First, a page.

Birds are wicked smart, despite their small brains

July 5, 2018, 10:49 a.m.
A beautiful portrait of a cockatoo
Photo: Seregraff/Shutterstock

Crows and ravens are really smart. Parrots and cockatoos are very intelligent. Magpies, macaws, jays and parakeets ... all brilliant birds. But how is it that these avian animals are so clever when their brains are relatively small? After all, isn't it our big brains relative to our body size that makes us humans so amazingly smart? Turns out, not necessarily.

A recent study from the University of Alberta analyzed the brains of 98 birds — all the way from chickens to parrots — and discovered that birds have a medial spiriform nucleus (SpM), which circulates information between the cortex and cerebellum. "This loop between the cortex and the cerebellum is important for the planning and execution of sophisticated behaviors," said Doug Wylie, professor of psychology and co-author on the new study.

Out of all the birds, parrots seem to come out on top when it comes to intelligence. Scientists analyzed the size of the birds' SpM compared to the rest of their brain and learned that parrots have a larger SpM compared to others. "Independently, parrots have evolved an enlarged area that connects the cortex and the cerebellum, similar to primates," said Cristian Gutierrez-Ibanez, postdoctoral fellow at University of Alberta. "This is another fascinating example of convergence between parrots and primates. It starts with sophisticated behaviors, like tool use and self-awareness, and can also be seen in the brain. The more we look at the brains, the more similarities we see."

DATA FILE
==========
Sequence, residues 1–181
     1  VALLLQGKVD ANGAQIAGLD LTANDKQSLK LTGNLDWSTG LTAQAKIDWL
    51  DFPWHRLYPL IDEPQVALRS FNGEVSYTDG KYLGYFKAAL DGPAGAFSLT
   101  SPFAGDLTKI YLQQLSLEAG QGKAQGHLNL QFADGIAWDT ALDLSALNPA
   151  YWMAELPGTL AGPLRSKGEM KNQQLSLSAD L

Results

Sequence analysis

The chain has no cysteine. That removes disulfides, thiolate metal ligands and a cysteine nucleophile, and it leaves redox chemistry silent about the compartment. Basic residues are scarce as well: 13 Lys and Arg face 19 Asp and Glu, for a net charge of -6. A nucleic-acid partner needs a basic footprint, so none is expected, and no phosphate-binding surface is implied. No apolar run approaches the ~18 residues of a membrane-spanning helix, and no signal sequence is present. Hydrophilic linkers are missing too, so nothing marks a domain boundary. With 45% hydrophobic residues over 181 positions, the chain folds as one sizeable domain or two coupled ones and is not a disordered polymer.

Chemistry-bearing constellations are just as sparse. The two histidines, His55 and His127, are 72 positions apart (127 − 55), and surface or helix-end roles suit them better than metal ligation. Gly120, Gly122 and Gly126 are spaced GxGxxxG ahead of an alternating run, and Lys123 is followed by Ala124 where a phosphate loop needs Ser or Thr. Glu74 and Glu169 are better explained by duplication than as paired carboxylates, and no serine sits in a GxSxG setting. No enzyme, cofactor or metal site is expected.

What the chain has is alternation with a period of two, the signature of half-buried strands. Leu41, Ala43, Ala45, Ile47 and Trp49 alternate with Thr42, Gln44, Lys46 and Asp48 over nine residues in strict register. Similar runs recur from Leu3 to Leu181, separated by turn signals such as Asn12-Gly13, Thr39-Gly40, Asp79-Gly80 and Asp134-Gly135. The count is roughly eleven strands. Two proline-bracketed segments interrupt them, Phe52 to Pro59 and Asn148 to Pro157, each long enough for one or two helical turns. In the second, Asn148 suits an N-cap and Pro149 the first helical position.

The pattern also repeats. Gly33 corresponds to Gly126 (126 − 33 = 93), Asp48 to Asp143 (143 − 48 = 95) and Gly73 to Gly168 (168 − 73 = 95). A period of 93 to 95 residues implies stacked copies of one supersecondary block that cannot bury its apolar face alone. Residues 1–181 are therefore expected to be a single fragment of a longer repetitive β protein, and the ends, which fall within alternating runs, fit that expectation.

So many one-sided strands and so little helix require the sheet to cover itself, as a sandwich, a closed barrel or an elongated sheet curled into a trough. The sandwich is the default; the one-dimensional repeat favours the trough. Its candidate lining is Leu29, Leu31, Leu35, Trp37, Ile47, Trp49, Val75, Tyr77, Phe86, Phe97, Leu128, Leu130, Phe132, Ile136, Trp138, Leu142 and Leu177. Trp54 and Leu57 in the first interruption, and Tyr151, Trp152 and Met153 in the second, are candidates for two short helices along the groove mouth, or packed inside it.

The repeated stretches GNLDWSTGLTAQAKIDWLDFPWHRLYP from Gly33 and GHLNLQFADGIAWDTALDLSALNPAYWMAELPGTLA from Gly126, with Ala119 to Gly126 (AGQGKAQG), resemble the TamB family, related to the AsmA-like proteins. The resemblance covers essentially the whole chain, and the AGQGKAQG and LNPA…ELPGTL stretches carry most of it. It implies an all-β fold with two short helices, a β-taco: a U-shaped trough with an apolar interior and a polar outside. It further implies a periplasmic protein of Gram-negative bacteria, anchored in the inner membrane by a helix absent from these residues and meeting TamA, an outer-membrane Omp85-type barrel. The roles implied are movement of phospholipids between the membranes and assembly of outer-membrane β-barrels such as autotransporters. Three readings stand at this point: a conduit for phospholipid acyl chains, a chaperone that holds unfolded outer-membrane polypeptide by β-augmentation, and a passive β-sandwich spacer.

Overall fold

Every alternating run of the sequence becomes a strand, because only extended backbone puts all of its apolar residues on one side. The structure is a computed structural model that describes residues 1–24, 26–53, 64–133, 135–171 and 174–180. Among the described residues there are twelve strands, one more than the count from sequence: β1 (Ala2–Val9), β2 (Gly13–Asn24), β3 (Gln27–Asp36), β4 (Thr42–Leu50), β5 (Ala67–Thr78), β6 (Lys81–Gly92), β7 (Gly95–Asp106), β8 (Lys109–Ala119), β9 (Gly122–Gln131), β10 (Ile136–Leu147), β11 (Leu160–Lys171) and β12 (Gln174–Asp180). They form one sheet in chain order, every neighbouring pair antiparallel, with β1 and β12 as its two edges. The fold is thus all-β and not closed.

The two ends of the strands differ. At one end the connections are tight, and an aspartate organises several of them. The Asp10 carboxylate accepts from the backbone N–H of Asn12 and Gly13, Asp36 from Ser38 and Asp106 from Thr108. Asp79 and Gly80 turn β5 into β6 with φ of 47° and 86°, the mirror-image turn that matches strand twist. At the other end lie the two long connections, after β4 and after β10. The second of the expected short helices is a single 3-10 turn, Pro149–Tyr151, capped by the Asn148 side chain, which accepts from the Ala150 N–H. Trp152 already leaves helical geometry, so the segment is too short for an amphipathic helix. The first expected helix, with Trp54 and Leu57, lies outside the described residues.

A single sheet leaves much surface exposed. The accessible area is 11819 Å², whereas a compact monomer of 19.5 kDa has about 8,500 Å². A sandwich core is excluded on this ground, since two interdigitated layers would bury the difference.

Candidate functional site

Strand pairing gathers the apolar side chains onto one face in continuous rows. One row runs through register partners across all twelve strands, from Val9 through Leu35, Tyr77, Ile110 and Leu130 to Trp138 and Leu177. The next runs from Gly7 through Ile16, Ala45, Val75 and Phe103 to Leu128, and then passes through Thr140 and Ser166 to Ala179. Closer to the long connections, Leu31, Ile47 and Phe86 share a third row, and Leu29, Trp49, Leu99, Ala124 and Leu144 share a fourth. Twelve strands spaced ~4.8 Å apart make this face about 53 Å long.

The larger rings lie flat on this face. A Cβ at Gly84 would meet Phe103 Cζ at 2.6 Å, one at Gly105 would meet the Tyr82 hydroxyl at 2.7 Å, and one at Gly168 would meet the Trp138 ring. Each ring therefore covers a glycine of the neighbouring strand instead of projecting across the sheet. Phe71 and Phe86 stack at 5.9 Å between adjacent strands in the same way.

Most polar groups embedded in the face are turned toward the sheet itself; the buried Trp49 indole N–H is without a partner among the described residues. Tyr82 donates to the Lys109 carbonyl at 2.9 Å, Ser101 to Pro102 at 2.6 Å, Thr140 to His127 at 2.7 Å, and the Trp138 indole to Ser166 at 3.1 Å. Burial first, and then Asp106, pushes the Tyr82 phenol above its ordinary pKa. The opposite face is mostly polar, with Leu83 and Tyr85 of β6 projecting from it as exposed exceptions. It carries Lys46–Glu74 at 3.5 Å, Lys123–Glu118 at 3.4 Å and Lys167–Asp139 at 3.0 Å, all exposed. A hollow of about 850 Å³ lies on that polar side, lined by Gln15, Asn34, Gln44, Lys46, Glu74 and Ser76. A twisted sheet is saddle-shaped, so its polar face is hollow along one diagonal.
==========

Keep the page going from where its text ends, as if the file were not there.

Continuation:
Research from 2016 also shows that birds pack a ton of neurons in the forebrain, which means they make the most of those small brains for maximum cognitive ability. In fact, they have more neurons per square inch than mammals, including primates.

The researchers write:

We investigated the cellular composition of the brains of 28 avian species, uncovering a straightforward solution to the puzzle: brains of songbirds and parrots contain very large numbers of neurons, at neuronal densities considerably exceeding those found in mammals. Because these "extra" neurons are predominantly located in the forebrain, large parrots and corvids have the same or greater forebrain neuron counts as monkeys with much larger brains. Avian brains thus have the potential to provide much higher “cognitive power” per unit mass than do mammalian brains.

This explains why many bird species show levels of intelligence equally as high as that of primates. It opens up a whole new way of understanding how brains have evolved and what "smart" looks like under a microscope.

Check out the video below and you'll start thinking differently about birds, even the humble pigeon!

Editor's note: This article has been updated since it was originally published in June 2016.